Chemical engineers are developing innovative solutions to practical problems in biotechnology and in the biochemical, pharmaceutical, and life science industries. This track is designed to prepare students for a career or research in the areas of applied cellular engineering and bioprocess engineering in the chemicals and pharmaceutical industry. Chemical engineering and elective courses are available that cover chemical engineering principles applied to biological systems and the fundamentals of biomolecular, cellular, and metabolic processes. This track is also suitable for students interested in biofuels.

Chemical Engineering 339, Introduction to Biochemical Engineering
Chemical Engineering 339P, Introduction to Biological Physics 
Chemical Engineering 379*
Biochemistry 369, Fundamentals of Biochemistry 
Biochemistry 370, Physical Methods of Biochemistry 
Biology 311D, Introductory Biology II 
Biology 325, Genetics 
Biology 326R, General Microbiology
Biology 339, Metabolism and Biochemistry of Microorganisms 

*Approved topics

Track B: Biomedical Engineering

This track is designed to prepare students for careers in the biomedical and pharmaceutical industries that deal with medical systems or improvement of health treatment alternatives. This is also a natural track to be followed by students who plan to attend medical school. Chemical engineering courses and electives are available that cover the application of chemical engineering principles to the design of new medical and therapeutic devices, as well as to the understanding of physiological processes.

Chemical Engineering 339, Introduction to Biochemical Engineering 
Chemical Engineering 339P, Introduction to Biological Physics 
Chemical Engineering 339T, Cell and Tissue Engineering 
Chemical Engineering 355, Introduction to Polymers
Chemical Engineering 379*
Biology 311D, Introductory Biology II 
Biology 320, Cell Biology 
Biology 325, Genetics 
Biology 326R, General Microbiology 
Biology 365S, Human Systems Physiology 
Biomedical Engineering 352, Engineering Biomaterials 
Biomedical Engineering 353, Transport Phenomena in Living Systems 
Biomedical Engineering 365R, Quantitative Engineering Physiology I 
Biochemistry 369, Fundamentals of Biochemistry 
Electrical Engineering 374K, Biomedical Electronic Instrument Design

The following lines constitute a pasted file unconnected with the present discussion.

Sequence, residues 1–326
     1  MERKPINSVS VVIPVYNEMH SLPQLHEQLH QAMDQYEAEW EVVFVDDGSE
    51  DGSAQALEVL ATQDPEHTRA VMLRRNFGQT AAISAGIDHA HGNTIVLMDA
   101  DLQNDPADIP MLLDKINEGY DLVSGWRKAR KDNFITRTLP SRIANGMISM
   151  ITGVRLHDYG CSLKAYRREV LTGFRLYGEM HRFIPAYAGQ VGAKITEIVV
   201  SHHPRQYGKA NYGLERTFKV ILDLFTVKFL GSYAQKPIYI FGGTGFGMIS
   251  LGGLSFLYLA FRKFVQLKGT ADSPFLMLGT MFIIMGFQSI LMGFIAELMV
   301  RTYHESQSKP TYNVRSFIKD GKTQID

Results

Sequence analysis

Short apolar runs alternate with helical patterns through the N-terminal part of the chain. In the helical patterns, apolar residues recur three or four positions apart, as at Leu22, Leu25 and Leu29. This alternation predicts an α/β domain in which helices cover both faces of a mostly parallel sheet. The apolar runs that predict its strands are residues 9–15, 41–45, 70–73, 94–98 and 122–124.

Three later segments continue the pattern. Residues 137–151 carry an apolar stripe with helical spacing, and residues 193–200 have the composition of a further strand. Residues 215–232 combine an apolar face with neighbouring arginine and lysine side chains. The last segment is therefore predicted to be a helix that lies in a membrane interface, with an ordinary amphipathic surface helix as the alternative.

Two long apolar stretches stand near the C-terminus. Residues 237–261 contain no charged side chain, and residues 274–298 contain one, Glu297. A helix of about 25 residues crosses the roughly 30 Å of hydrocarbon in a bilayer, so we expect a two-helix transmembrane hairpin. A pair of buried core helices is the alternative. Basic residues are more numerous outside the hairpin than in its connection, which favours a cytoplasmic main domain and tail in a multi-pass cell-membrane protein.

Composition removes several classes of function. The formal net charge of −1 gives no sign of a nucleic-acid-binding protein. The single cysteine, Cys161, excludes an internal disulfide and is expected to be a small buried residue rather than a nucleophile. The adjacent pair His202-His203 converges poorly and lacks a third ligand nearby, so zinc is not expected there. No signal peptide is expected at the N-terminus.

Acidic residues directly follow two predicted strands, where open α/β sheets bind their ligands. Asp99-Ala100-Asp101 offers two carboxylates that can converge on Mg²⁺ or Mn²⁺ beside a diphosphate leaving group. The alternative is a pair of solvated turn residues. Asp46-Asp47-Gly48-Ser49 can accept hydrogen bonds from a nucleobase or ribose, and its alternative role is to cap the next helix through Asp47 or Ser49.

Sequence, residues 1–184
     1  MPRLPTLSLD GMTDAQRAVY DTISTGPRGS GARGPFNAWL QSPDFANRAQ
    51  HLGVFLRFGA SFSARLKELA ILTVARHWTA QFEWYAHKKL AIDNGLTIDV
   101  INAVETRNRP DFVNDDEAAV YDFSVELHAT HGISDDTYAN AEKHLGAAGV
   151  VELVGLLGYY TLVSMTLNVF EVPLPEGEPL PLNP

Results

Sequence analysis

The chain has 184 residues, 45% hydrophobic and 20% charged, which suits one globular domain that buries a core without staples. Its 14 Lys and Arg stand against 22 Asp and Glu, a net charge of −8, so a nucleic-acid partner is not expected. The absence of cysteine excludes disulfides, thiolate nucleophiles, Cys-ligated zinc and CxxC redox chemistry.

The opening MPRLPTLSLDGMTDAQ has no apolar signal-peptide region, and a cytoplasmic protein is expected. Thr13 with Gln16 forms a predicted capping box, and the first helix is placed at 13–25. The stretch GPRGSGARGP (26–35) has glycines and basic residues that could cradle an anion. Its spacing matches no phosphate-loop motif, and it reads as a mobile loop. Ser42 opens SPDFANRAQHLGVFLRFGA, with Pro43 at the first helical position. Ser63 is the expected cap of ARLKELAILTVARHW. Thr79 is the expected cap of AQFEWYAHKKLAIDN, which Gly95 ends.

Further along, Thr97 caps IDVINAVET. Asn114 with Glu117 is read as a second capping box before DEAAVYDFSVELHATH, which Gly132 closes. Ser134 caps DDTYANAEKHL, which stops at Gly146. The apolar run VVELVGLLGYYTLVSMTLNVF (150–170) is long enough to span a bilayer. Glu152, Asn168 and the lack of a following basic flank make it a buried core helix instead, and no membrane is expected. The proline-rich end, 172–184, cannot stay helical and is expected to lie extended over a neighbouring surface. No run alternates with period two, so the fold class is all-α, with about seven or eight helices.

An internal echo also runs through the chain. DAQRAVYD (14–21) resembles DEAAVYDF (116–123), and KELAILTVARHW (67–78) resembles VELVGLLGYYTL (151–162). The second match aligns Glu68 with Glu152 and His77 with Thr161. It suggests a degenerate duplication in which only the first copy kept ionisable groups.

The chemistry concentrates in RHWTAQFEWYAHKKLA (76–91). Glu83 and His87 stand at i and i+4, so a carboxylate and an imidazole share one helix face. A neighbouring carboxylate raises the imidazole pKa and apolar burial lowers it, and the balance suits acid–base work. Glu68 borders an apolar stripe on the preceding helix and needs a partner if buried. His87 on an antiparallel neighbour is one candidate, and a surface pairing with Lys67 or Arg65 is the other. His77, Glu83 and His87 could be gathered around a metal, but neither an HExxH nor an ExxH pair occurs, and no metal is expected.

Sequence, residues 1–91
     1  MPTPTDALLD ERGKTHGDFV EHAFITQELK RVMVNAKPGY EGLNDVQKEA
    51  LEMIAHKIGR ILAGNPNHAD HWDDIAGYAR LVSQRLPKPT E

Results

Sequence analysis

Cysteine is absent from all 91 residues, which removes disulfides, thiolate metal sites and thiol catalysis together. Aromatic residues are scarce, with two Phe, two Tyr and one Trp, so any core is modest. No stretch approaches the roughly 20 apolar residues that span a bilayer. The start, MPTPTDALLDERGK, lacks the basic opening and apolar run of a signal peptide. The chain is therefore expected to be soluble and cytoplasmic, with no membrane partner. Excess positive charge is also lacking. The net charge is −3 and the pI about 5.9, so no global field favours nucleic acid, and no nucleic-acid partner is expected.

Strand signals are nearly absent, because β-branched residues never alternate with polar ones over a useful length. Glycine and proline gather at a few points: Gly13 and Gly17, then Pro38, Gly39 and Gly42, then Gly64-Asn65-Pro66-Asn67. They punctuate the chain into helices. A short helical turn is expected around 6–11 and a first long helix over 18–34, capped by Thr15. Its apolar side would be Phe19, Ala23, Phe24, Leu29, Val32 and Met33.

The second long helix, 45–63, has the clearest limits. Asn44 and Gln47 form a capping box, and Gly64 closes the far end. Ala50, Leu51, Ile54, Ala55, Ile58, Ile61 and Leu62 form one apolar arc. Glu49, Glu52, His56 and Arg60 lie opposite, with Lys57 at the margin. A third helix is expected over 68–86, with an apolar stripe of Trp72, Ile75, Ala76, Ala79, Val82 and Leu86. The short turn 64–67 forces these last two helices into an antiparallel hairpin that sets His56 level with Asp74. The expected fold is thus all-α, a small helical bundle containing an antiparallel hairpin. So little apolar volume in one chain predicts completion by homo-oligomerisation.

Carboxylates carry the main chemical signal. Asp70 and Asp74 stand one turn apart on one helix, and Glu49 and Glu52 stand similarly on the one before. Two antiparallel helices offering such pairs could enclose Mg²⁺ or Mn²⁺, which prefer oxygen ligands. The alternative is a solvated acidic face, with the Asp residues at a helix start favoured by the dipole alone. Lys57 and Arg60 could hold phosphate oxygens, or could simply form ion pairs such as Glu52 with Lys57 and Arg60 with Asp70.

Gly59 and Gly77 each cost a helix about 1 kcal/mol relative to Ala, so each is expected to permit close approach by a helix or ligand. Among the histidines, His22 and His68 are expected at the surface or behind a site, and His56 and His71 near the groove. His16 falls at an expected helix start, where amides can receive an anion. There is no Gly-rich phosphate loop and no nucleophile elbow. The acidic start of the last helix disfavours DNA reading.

Mechanical Engineering 354, Introduction to Biomechanical Engineering
Neuroscience 365R, Vertebrate Neurobiology

*Approved topics

Area 5, Energy Technologies

The need for energy sustainability and new energy technologies provides some of the most significant scientific and engineering challenges that face society. Chemical engineers are uniquely qualified to address these issues and contribute new solutions to the problem. Technologies include solar energy utilization in the form of photovoltaics, biofuels and solar fuels; new and more efficient ways to extract fossil fuels from existing reservoirs; alternative power sources like wind, geothermal, and nuclear. Policy is also an important and active area that involves chemical engineers. Chemical engineering and other elective courses are available that teach fundamentals of energy technology and policy.

Chemical Engineering 323, Chemical Engineering for Micro- and Nanofabrication 
Chemical Engineering 339, Introduction to Biochemical Engineering 
Chemical Engineering 341, Design for Environment 
Chemical Engineering 355, Introduction to Polymers 
Chemical Engineering 357, Technology and Its Impact on the Environment 
Chemical Engineering 359, Energy Technology and Policy
Chemical Engineering 379*
Civil Engineering 341, Introduction to Environmental Engineering 
Electrical Engineering 339, Solid-State Electronic Devices 
Mechanical Engineering 374S, Solar Energy Systems Design 
Mechanical Engineering 379M, Topics in Mechanical Engineering 
Petroleum and Geosystems Engineering 305, Energy and the Environment
Petroleum and Geosystems Engineering 430, Drilling and Well Completions

*Approved topics

Area 6, Engineering Economics and Business Leadership

Chemical engineers who understand the economic and policy issues faced by modern chemical and materials companies are needed to solve the challenges of modern industry. Globalization, sustainability, safety and modern labor practices, intellectual property protection, and the process of innovation are all issues facing modern industry. This focus area is designed to prepare students for business leadership in a technical arena.

Chemical Engineering 342, Chemical Engineering Economics and Business Analysis 
Chemical Engineering 356, Optimization: Theory and Practice
Chemical Engineering 379, Topics in Chemical Engineering*
Architectural Engineering 323K, Project Management and Economics 
Economics 304K, Introduction to Microeconomics 
Economics 304L, Introduction to Macroeconomics 
Economics 328, Industrial Organization 
Economics 339K, International Trade and Investment
Economics 351K, Current Issues in Business Economics 
International Business 378, International Business Operations 
Mechanical Engineering 353, Engineering Finance 
Mechanical Engineering 366L, Operations Research Models 
Marketing 320F, Foundations of Marketing 
Marketing 460, Information and Analysis
Science, Technology, and Society 332, The Nanotechnology and Science Revolution

*Approved topics